The major, to his credit, ignored that outburst. Instead he asked, “Wasn’t he concerned about his granddaughter?”
Nora felt her heart stutter. She took a deep breath before answering. “He doesn’t know about her.”
The major looked puzzled, waiting for more. Desire to protect Robert’s privacy warred with urge to confide in someone. As her interpreter, he would find out soon enough.
“My niece is Italian,” she began, “and Catholic. Robert kept his marriage secret.”
The shabby major appeared to think that over. “What will your father do with an Italian granddaughter?” he asked at last.
“Deny her. Force conversion. God knows, but it wouldn’t be pleasant. Robert must protect her from that.”
“Does your brother wish her to live in England?”
“Not in Dorset, not near Father. Perhaps in Italy, but he wishes more for her than the convent school.” Nora knew that much with certainty.
“And her Italian relatives?” he asked.
Nora shrugged. “I don’t know. My late, heretofore unknown sister-in-law was an orphan but from a large extended family.” Robert had once implied there was more, but Nora didn’t know any names or places. “What they wish is unknown to me,” she said.
“Would they take the child in? That would solve your problems,” he suggested.
“Robert seems reluctant about that. He hasn’t said why. I think he wants to make sure someone he trusts will see that she is loved, as well as cared for.” When Robert first told her about the girl, Nora had warmed at the thought of having a child to care for. Now she vacillated between hope and fear, neither of which accomplished anything useful. This shabby major doesn’t need to know my pathetic hopes.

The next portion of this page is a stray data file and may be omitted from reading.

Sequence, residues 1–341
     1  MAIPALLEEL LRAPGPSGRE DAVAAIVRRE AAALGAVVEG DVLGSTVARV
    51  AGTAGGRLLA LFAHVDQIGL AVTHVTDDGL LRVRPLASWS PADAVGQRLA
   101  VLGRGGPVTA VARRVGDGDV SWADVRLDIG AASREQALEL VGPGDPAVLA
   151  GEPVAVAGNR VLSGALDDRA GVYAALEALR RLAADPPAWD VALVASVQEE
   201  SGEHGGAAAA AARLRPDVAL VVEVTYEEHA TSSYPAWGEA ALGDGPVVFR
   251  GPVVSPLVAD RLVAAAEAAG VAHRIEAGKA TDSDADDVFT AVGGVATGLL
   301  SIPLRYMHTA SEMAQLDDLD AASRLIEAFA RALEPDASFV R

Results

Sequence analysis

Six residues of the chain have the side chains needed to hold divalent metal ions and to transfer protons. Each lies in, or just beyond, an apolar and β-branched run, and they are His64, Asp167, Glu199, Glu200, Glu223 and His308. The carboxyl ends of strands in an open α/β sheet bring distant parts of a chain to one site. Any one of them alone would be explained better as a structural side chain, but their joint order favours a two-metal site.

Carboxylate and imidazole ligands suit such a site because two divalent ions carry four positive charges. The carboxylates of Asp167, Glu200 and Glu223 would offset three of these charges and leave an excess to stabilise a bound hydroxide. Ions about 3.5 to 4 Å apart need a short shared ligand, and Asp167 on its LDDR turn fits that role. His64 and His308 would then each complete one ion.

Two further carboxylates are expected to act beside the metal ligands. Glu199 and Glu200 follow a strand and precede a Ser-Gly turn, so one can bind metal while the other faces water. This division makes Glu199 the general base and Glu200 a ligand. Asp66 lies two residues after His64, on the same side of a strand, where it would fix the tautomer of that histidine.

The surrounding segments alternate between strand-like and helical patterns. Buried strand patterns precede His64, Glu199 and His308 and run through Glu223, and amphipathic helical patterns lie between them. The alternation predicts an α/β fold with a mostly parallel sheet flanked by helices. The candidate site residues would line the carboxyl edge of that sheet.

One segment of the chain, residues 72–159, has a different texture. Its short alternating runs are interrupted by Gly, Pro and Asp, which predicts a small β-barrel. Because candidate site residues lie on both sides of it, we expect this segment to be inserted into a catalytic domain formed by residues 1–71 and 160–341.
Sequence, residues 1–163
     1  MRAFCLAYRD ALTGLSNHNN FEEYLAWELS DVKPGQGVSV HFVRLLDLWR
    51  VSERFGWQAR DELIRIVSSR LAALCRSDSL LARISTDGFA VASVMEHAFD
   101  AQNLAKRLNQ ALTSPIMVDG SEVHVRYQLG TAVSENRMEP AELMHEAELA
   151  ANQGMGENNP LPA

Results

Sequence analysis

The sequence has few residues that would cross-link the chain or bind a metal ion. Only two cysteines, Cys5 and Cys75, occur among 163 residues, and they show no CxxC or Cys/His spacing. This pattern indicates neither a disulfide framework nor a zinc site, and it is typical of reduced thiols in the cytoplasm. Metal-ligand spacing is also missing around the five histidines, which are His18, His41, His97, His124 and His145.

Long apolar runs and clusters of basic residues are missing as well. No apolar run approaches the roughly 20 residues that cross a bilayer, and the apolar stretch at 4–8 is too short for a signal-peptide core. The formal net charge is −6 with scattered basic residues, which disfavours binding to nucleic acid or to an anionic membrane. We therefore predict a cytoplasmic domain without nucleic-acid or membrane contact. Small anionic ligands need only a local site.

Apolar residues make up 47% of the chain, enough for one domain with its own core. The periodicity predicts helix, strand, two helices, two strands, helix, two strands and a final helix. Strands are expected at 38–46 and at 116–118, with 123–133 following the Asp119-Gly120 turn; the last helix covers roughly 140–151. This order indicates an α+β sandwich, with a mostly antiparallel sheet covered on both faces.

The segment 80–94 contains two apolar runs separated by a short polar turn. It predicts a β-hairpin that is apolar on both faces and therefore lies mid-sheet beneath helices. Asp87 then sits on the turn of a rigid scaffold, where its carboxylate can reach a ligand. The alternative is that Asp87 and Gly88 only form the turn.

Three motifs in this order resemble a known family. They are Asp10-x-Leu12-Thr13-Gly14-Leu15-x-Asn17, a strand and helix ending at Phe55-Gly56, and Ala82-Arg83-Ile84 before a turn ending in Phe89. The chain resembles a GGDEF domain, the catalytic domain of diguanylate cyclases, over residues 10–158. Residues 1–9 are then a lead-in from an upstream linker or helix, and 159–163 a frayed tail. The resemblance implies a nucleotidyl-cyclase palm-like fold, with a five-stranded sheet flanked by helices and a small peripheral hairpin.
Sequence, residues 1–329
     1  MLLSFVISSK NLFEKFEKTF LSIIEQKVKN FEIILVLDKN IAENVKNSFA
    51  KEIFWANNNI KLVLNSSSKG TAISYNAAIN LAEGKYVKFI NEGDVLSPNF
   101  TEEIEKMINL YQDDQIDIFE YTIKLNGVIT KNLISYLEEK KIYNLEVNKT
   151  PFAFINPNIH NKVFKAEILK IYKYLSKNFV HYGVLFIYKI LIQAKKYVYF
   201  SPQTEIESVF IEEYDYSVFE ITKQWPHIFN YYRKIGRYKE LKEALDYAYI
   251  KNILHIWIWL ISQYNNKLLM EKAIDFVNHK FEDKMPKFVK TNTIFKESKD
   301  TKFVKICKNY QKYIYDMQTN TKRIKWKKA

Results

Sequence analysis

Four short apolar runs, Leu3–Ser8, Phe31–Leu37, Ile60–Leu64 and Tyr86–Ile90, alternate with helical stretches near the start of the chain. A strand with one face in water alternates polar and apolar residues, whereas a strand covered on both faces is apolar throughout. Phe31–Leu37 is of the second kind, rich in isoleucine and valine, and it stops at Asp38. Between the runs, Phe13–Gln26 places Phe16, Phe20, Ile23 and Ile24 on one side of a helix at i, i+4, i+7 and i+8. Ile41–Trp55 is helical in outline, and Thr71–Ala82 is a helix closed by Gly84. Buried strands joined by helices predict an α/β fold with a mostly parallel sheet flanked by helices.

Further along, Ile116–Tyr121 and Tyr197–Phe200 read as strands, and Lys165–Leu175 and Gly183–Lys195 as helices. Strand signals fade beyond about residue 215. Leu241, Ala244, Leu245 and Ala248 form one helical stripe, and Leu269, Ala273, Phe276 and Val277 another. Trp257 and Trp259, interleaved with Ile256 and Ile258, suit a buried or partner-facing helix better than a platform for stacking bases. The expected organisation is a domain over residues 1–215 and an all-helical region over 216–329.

The major’s thick brown lashes veiled his eyes as well as he veiled his thoughts. “Are your brother’s wishes in writing?” he asked.
“I don’t know. He pressed a scrap of foolscap into my hand the first day.” She rummaged in her reticule. “It has an Italian name on it. He said that if he died I should contact this man.” She held out the foolscap for him to see.
“Putting you at the mercy of another Italian,” he mumbled, taking the foolscap. The major looked at the name and cursed softly. “And a high class one at that.”
About the Author
Caroline Warfield has at various times been an army brat, a librarian, a poet, a raiser of children, a nun, a bird watcher, an Internet and Web services manager, a conference speaker, an indexer, a tech writer, a genealogist, and, of course, a romantic. She has sailed through the English channel while it was still mined from WWII, stood on the walls of Troy, searched Scotland for the location of an entirely fictional castle (and found it), climbed the steps to the Parthenon, floated down the Thames from the Tower to Greenwich, shopped in the Ginza, lost herself in the Louvre, gone on a night safari at the Singapore zoo, walked in the Black Forest, and explored the underground cistern of Istanbul. By far the biggest adventure has been life-long marriage to a prince among men.
She sits in front of a keyboard at a desk surrounded by windows, looks out at the trees and imagines. Her greatest joy is when one of those imaginings comes to life on the page and in the imagination of her readers.